It seems like a small change, but when combat starts later in the game, that extra layer of control input to access a different weapon gets in the way.

However, there is a definite learning curve with the original GameCube controls and many may find the dual analog setup more familiar.

Another visual change noted online is that the ports on the Remastered version looks much simpler compared to the GameCube original. However, I understand why this decision was made.

In the original GameCube game, the environments were beautiful to look at, but rather plain in terms of texture detail. So, in order for the doors to stand out more, they were visually more complex. conversely in this Remastered version, the environments are much more detailed, so in order for the doors to be clearly visible, they have been simplified in terms of texture.

While some might want to get the old doors back, being able to crawl your way through an area cleanly and straightforwardly is something the original game stood for and this implementation is definitely true to that.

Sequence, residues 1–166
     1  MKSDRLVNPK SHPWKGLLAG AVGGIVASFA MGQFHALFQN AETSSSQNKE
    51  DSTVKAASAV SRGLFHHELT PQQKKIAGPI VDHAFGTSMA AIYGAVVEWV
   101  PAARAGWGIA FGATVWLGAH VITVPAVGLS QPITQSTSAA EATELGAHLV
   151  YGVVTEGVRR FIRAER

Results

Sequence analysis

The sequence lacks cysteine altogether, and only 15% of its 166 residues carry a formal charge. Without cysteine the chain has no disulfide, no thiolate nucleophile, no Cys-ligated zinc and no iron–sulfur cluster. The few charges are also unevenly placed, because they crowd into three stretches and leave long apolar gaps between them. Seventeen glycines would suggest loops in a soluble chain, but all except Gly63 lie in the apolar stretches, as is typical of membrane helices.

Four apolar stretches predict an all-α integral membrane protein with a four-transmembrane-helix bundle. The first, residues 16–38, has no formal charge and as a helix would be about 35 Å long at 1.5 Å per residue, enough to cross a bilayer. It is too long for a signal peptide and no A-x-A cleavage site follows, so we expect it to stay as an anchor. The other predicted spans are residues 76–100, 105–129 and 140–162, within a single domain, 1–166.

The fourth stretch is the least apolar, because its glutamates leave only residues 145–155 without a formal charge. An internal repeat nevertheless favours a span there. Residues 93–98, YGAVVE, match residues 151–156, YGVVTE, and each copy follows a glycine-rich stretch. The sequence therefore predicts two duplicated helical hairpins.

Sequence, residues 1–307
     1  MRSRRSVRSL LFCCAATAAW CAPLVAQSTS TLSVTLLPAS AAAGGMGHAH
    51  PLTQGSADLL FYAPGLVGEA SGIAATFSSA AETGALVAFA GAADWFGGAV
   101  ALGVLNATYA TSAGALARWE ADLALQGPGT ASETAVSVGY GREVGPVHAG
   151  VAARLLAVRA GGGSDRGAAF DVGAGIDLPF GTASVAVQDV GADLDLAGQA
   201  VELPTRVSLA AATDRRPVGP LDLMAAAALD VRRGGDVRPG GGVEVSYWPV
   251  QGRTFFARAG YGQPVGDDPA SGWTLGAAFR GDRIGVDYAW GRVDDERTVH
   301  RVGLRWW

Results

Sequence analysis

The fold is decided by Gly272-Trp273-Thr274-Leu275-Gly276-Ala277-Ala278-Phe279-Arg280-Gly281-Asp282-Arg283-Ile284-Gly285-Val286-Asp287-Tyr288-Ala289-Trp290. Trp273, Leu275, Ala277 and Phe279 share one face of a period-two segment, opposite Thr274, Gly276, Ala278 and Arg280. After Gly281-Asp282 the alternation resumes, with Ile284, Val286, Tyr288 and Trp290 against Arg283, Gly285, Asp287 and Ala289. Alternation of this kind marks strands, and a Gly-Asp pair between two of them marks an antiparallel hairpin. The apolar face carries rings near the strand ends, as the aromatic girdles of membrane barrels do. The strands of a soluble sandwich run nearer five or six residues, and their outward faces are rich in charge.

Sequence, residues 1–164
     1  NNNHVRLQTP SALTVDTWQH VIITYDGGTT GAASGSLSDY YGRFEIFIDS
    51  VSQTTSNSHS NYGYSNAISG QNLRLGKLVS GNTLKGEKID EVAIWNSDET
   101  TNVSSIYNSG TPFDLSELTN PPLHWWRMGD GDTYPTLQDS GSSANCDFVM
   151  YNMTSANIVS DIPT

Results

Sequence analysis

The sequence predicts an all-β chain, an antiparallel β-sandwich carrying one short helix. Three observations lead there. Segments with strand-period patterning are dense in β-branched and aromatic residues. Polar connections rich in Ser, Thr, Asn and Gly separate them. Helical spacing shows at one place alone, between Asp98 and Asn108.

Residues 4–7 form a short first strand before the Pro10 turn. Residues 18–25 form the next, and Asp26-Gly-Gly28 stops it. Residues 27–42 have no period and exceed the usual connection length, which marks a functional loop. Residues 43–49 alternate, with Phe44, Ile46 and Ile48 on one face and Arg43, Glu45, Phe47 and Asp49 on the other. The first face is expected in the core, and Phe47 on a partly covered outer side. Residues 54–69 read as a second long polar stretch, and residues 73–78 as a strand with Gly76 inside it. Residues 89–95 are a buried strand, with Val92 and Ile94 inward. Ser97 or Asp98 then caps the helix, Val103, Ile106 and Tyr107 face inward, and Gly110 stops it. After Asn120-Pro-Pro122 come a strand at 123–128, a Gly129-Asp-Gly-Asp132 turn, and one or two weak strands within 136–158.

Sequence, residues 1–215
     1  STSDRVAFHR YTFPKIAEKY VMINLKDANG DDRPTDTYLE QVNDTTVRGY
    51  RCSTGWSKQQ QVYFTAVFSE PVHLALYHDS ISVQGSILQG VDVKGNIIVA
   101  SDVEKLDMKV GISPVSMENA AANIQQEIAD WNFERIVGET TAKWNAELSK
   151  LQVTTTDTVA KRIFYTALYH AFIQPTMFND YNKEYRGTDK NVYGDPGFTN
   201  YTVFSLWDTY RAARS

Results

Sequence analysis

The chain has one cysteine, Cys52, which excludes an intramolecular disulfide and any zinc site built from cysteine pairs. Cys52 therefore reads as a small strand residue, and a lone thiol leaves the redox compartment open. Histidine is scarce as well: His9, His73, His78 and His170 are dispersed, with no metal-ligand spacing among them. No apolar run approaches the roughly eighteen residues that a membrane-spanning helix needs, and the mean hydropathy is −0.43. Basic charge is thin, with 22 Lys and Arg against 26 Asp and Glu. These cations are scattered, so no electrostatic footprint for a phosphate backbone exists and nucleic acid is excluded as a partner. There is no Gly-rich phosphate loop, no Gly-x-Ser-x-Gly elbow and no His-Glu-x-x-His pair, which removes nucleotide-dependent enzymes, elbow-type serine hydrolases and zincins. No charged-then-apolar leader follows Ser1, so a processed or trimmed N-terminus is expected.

A final, albeit minor, point is that both Metroid Prime It is Metroid Fusion were originally released at the same time and consequently had shared functionality. There, you can connect your Game Boy Advance to the GameCube and share data, how to unlock Fusion Suit in Metroid Prime.

It seems that this functionality is no longer present, at least not currently, but I suppose it is compensated by much more extensive Extras sections with more galleries.

General, Metroid Prime Remastered is a surprisingly accurate remake of a definitive gaming classic. Not just in terms of its great visuals, but also how nearly identical it is to the original. Even for a game that’s over two decades old, Metroid Prime it still looks as fresh and functionally relevant as ever. If only most modern first-person games had level design as good as this one.

Metroid Prime Remastered

Platform: To replace

Developer: retro studio

Editor: nintendo

Released: February 8, 2023

Price: $39.99

Punctuation: 10/10

Disclosure: I bought this game with my own money and ended up with 100% item completion.